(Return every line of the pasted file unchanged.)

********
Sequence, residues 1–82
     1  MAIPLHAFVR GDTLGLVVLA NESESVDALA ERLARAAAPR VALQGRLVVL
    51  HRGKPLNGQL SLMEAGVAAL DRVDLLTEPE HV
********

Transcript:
Sequence, residues 1–82
     1  MAIPLHAFVR GDTLGLVVLA NESESVDALA ERLARAAAPR VALQGRLVVL
    51  HRGKPLNGQL SLMEAGVAAL DRVDLLTEPE HV